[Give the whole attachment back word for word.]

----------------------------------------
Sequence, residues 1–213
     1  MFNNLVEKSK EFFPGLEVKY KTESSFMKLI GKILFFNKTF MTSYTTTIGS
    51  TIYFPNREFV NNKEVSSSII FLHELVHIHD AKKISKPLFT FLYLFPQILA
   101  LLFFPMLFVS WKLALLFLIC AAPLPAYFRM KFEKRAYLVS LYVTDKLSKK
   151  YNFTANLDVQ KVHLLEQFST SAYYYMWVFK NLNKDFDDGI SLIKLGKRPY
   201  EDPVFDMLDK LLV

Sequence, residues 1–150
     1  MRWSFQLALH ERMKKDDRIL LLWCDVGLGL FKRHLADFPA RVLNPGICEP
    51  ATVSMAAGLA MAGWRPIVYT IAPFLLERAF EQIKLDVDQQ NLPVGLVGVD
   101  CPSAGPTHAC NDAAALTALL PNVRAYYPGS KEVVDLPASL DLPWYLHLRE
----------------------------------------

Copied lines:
Sequence, residues 1–213
     1  MFNNLVEKSK EFFPGLEVKY KTESSFMKLI GKILFFNKTF MTSYTTTIGS
    51  TIYFPNREFV NNKEVSSSII FLHELVHIHD AKKISKPLFT FLYLFPQILA
   101  LLFFPMLFVS WKLALLFLIC AAPLPAYFRM KFEKRAYLVS LYVTDKLSKK
   151  YNFTANLDVQ KVHLLEQFST SAYYYMWVFK NLNKDFDDGI SLIKLGKRPY
   201  EDPVFDMLDK LLV

Sequence, residues 1–150
     1  MRWSFQLALH ERMKKDDRIL LLWCDVGLGL FKRHLADFPA RVLNPGICEP
    51  ATVSMAAGLA MAGWRPIVYT IAPFLLERAF EQIKLDVDQQ NLPVGLVGVD
   101  CPSAGPTHAC NDAAALTALL PNVRAYYPGS KEVVDLPASL DLPWYLHLRE